The uptake of agricultural robots is expected to remain relatively low until several key issues are resolved, a new report has found.
UK technology research and consultancy firm IDTechEx pointed to the lack of technical robustness, high upfront costs, and complicated technologies as barriers to adoption in the agricultural sector.
In its report, Agricultural Robots and Drones 2022-2032: Technologies, Markets and Players, IDTechEx noted efforts were being made to resolve these issues.
However, there had been some success stories - like milking robots, agricultural drones and automated weed robots - which had reached commercialisation thanks to their relatively simple technologies and short payback time.
High efficiencies and the low operating costs these technologies provide are expected to help the agricultural industry overcome issues like labour shortages, input costs and supply chain disruptions.
The geopolitical landscape as a result of the Russia-Ukraine war, which has reportedly taken 13 per cent of the world's calories out of production, was another reason to fast-track the use of these technologies.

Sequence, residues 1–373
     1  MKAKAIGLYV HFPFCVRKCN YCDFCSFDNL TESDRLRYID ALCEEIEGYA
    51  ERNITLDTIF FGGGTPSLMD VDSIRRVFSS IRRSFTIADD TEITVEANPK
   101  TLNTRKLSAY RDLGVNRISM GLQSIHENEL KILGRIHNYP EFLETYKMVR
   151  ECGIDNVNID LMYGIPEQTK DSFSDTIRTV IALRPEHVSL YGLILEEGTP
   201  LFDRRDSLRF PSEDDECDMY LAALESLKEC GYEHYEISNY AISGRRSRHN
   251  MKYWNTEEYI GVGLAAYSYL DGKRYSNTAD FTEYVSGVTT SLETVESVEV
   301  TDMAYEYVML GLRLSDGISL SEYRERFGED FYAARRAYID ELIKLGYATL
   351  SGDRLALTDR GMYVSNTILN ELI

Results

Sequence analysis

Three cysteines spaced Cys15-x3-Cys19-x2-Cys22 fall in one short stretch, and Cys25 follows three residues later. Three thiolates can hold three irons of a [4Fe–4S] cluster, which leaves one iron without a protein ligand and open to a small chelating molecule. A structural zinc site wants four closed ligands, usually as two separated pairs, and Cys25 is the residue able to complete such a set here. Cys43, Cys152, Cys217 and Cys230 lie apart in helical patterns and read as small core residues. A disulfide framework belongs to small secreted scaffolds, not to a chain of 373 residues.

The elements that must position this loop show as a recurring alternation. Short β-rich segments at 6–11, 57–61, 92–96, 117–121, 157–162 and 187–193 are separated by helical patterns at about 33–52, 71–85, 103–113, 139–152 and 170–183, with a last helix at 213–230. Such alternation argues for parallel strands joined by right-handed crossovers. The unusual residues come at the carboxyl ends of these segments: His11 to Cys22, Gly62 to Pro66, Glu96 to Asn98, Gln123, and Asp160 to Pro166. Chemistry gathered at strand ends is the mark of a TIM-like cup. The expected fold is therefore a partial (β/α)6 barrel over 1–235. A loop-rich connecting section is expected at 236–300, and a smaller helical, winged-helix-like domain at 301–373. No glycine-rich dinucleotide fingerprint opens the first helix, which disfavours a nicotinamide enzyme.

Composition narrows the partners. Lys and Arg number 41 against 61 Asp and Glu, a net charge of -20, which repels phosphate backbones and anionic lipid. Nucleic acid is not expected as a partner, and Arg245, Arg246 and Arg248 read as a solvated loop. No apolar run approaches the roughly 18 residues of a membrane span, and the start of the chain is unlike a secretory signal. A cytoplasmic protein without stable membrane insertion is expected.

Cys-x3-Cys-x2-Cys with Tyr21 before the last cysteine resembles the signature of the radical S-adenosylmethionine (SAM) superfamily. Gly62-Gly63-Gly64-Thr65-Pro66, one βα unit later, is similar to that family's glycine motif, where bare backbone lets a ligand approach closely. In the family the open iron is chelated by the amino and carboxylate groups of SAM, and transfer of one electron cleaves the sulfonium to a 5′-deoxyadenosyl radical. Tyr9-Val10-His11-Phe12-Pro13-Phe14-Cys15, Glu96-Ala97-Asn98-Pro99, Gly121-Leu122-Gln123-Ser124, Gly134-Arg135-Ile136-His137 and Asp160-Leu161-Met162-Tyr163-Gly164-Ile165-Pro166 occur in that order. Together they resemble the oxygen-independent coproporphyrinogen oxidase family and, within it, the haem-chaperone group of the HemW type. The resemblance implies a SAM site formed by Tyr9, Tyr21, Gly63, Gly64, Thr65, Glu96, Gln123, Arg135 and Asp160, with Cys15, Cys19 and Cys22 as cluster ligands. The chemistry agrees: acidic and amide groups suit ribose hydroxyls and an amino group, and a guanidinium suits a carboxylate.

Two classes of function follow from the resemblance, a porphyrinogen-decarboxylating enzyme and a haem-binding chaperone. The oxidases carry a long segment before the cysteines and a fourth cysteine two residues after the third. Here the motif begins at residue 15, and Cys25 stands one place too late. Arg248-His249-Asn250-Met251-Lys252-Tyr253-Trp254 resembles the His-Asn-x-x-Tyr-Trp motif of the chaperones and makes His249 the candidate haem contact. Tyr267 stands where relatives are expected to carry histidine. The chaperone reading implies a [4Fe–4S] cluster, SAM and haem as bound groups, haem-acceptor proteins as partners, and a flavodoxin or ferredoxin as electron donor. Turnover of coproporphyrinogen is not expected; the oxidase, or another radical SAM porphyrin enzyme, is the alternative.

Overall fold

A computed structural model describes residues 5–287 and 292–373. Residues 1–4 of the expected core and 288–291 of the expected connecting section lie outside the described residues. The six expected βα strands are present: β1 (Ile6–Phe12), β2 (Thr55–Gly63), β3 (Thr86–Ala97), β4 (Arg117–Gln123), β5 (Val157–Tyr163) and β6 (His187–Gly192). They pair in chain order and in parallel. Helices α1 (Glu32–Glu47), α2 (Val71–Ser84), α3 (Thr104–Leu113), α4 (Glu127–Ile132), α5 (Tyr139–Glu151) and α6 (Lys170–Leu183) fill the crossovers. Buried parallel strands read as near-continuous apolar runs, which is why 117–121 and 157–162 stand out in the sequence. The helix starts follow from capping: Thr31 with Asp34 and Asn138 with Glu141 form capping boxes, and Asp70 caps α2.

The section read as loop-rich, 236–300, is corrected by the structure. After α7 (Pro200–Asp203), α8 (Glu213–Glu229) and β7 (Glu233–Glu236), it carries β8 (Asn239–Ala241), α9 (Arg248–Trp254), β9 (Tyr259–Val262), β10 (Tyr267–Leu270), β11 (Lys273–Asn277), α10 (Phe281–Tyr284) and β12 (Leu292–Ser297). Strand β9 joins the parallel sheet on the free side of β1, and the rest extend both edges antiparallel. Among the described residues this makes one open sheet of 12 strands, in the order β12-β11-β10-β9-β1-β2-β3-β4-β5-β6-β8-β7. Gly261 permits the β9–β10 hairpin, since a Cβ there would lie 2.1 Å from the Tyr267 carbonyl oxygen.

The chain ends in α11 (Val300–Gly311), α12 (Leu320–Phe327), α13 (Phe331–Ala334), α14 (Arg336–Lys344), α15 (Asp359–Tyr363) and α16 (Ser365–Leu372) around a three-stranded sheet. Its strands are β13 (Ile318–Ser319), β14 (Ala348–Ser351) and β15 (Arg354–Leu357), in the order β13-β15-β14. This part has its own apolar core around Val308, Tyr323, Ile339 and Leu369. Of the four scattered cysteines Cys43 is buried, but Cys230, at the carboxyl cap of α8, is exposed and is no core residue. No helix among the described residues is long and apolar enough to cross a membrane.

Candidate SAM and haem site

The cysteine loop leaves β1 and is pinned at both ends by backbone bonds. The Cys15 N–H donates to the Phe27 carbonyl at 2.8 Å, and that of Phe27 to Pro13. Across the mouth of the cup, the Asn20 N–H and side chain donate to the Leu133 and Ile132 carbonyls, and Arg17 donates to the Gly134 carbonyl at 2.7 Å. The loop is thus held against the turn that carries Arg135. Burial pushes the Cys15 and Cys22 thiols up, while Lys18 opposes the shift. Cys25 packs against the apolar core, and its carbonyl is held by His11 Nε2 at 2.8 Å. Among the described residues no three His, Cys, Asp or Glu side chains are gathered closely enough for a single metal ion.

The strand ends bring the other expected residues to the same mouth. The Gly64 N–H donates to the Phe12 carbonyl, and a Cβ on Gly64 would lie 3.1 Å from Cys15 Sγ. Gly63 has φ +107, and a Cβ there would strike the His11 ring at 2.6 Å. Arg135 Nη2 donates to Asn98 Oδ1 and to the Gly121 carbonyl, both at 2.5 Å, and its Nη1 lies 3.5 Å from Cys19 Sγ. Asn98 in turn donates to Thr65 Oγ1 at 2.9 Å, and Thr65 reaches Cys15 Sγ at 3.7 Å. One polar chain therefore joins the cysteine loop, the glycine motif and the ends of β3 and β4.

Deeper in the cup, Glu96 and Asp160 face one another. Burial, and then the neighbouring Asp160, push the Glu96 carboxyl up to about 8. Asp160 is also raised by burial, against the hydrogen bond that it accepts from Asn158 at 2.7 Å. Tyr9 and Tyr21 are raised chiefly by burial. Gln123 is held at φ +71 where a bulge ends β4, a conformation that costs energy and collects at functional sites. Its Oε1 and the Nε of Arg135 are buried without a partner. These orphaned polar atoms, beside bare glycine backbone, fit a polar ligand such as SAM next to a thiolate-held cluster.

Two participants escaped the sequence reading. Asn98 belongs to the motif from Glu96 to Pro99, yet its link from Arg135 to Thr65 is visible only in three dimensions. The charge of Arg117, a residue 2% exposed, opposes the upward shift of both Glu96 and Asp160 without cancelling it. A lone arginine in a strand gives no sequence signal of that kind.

IDTechEx believes autonomous tractors and carriers will be another major driver in years to come.
Tackling difficult terrain and limited access to infrastructure are some of the challenges manufacturers face when it comes to implementing autonomous driving technologies on agricultural machines.
But improvements in technologies such as sensory systems and artificial intelligence are tipped to soon resolve these issues.
According to the company, the agricultural robot industry will go through a rapid growth phase over the next decade.
This growth has also been pointed to by data and analytics company GlobalData.
It reports top agtech companies are using technologies like big data, robotics, drones, and artificial intelligence for faster planting, crop growth in any environment, and better harvesting.
GlobalData practice head Kiran Raj said automation in agriculture eliminates the need for manual labor using hardware and software platforms to increase the overall food production and minimize quality loss.
"Innovative areas in agriculture such as digital phenotyping, genomics, molecular techniques, and smart greenhouses are gaining momentum," he said.
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